Virginia’s public libraries are highly dependent on "soft-money" to fund technology.
Many of Virginia’s public library facilities are inadequate and/or do not meet ADA accessibility guidelines.
State funding for the Infopowering the Commonwealth program (including funds for Find It Virginia and for sustaining the technological infrastructure) is essential to the future quality of public library services.
Virginia libraries lack an adequate source of funding for innovation.
Findings - Advocacy/Public Awareness
A disturbing issue was revealed in the personal interviews conducted by the consultants. Although no one who was interviewed questioned the desirability of public library services, few non-librarians saw public library services as essential or as being a high priority service. One interviewee captured the general tenor of the interviews by referring to public library service as a "nicety."
It was clear that many decision makers do not recognize the important roles that public libraries can play in introducing young children to the world of books and reading, in supporting primary and secondary education, in stimulating economic growth, in developing an informed citizenry, in supporting workforce development, or in enhancing the quality of community life.
Virginia’s public library community seems to understand the importance of raising the public’s awareness of libraries as essential community institutions. The conversations in the focus groups repeatedly returned to the twin issues of advocacy and public awareness.
Public libraries have been positioned as highly relevant to their communities in some areas of the State; however, in many other communities, libraries have been marginalized. It appears that many decision makers at the State and County level recognize education as a high priority issue but fail to make the connection between libraries and education. The question is not whether additional advocacy and public awareness efforts are needed; the question is how to carry out these campaigns.
Some of the public library directors who participated in focus groups expressed the opinion that public libraries and public library development were not the top priority of the Library of Virginia Board or of the Librarian of Virginia. The roles survey conducted by the consultants underscored this point of view. Over seventy percent (70.97%) of the directors responding to the survey identified the Virginia Library Association (VLA) rather than the Library of Virginia as currently being the leading entity in advocating for public libraries. However, the directors saw a growing role for the Library of Virginia in this regard. While VLA was still ranked as the lead library advocate in the future, the Library of Virginia increased from just over three percent at the current time to over sixteen percent (16.13%) in the future.
Some directors participating in the focus groups came to the defense of the Library of Virginia and its limited advocacy for libraries. There was a strong sense that the services of the Library Development and Networking Division (LDND) are highly valued and an expression of a real sense of loss associated with staffing reductions within LDND.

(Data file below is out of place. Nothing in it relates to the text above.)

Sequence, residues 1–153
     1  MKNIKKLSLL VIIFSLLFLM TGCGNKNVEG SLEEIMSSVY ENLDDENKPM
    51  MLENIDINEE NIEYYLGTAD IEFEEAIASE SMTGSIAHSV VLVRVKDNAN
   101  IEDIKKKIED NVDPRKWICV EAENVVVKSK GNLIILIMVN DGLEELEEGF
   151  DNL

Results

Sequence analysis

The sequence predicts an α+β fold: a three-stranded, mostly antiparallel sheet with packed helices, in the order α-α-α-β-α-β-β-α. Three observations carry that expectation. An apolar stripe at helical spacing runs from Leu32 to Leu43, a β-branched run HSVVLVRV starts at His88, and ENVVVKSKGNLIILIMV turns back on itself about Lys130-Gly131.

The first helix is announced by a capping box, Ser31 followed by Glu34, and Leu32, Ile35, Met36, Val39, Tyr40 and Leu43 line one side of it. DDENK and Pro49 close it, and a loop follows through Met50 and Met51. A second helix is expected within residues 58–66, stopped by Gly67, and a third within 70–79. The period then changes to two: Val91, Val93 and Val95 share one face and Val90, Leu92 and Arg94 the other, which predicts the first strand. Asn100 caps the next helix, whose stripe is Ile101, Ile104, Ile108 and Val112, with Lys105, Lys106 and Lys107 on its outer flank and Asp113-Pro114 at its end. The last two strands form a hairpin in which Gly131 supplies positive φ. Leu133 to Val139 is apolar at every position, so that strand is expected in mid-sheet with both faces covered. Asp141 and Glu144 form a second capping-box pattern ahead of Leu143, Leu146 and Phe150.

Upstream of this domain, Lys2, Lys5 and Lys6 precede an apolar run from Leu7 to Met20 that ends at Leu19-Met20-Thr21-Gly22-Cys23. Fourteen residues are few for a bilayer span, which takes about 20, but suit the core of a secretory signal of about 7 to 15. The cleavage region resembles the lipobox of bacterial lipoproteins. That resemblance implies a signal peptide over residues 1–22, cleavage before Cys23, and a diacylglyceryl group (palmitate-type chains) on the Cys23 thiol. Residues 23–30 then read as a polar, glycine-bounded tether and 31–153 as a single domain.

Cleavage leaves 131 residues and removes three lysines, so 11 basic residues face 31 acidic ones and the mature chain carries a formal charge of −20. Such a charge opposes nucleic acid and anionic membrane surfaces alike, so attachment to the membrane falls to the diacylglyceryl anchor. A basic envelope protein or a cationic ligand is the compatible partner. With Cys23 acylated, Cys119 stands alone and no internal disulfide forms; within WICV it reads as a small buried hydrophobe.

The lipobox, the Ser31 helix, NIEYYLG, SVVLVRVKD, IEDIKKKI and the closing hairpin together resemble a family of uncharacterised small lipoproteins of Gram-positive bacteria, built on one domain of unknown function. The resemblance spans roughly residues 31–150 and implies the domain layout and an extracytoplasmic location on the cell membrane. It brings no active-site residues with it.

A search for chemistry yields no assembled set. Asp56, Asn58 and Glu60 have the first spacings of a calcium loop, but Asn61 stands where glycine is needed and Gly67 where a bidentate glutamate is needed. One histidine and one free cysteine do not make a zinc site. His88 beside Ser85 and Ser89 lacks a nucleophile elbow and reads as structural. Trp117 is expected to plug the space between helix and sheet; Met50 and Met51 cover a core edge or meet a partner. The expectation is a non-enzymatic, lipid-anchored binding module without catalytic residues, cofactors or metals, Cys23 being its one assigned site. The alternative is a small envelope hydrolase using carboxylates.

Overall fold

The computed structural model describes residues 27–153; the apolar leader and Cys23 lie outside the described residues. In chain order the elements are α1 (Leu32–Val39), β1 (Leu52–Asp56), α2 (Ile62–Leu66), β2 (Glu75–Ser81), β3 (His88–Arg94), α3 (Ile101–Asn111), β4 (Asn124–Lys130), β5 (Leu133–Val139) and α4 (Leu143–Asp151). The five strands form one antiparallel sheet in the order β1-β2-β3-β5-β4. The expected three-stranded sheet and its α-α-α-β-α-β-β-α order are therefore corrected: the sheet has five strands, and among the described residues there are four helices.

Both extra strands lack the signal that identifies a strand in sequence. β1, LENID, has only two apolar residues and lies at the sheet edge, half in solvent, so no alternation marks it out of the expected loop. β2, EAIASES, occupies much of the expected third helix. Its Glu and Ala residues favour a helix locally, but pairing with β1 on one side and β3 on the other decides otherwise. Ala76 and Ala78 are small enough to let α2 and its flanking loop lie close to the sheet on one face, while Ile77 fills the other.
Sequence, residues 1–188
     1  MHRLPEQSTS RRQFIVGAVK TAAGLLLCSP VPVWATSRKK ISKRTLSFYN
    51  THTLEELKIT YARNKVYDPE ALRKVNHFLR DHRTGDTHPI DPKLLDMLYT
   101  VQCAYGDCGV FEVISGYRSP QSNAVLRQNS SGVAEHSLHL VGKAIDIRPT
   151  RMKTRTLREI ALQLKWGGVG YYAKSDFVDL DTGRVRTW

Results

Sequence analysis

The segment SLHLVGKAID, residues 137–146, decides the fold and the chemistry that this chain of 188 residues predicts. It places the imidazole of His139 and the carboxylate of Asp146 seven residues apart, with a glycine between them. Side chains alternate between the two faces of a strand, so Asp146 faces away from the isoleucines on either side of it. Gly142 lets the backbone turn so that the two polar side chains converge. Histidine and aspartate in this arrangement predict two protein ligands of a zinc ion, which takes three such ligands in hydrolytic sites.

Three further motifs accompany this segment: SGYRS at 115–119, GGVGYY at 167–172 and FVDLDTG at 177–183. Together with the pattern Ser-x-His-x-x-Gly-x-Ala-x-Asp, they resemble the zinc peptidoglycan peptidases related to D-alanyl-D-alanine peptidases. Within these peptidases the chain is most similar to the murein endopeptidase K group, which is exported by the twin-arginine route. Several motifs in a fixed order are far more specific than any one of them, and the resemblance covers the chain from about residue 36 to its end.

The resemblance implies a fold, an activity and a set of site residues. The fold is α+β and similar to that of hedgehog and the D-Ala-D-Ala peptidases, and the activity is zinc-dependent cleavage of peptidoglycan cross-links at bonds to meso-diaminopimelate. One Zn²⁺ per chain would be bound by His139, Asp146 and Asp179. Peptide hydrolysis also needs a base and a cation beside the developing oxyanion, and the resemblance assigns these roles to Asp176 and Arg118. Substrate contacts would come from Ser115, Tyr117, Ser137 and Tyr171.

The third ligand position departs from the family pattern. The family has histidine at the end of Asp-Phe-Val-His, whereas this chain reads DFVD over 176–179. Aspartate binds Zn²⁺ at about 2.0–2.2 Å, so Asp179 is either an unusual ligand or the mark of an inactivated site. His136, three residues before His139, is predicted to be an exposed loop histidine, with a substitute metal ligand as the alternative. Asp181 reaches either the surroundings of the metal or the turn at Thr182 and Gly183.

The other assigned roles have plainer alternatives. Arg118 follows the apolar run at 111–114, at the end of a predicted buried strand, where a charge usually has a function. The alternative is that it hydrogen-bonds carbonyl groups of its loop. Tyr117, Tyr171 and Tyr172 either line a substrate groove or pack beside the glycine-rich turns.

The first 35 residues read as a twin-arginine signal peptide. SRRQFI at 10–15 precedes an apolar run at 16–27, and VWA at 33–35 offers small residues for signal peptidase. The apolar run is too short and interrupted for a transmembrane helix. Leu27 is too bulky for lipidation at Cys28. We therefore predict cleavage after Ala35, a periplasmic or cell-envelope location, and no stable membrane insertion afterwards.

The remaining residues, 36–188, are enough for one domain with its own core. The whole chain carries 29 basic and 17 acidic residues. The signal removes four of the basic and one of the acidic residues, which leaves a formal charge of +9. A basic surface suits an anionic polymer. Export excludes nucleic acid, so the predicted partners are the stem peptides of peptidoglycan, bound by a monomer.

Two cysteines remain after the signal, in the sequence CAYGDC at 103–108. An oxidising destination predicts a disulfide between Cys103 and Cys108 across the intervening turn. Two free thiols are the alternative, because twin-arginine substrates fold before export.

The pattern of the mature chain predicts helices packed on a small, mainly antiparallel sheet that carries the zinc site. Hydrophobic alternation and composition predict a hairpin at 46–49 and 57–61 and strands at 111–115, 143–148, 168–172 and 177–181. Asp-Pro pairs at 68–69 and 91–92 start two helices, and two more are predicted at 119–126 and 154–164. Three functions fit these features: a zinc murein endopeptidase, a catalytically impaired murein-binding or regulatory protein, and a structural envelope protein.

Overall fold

However, several directors pointed out that public libraries are just one among a broad array of priorities for the Library of Virginia. The Library of Virginia is indeed a multi-faceted organization with many responsibilities that extend beyond public libraries. Nevertheless, there was a general consensus that the state library agency could be more visible in supporting public libraries.
The web survey revealed that it is library directors who feel most strongly about gaining greater support from the Library of Virginia. Survey participants were asked to indicate the degree to which they agreed or disagreed with a series of statements on a scale of 1 to 5 with 1 representing "strongly disagree" and 5 representing "strongly agree." Just over fifteen percent (15.38%) of public library directors said they strongly agreed with the statement, "The Library of Virginia Board believes public libraries are essential to quality of life." In contrast, over fifty percent of general library staff and youth services librarians indicated strong agreement with the statement (52.97% and 56.92% respectively).
Directors did not portray the Library of Virginia as hostile. In fact over seventy percent of the directors rated their agreement with the statement at the mid-point or above on a five point scale. A score of 3.0 would indicate that a respondent was neutral, that they neither agreed nor disagreed with the statement. The directors’ mean response to this statement was 3.41 and only 2 of the 65 indicated strong disagreement. However, the less than enthusiastic endorsement also makes it clear that Virginia’s public library directors wish that their institutions were a higher priority for the Library of Virginia.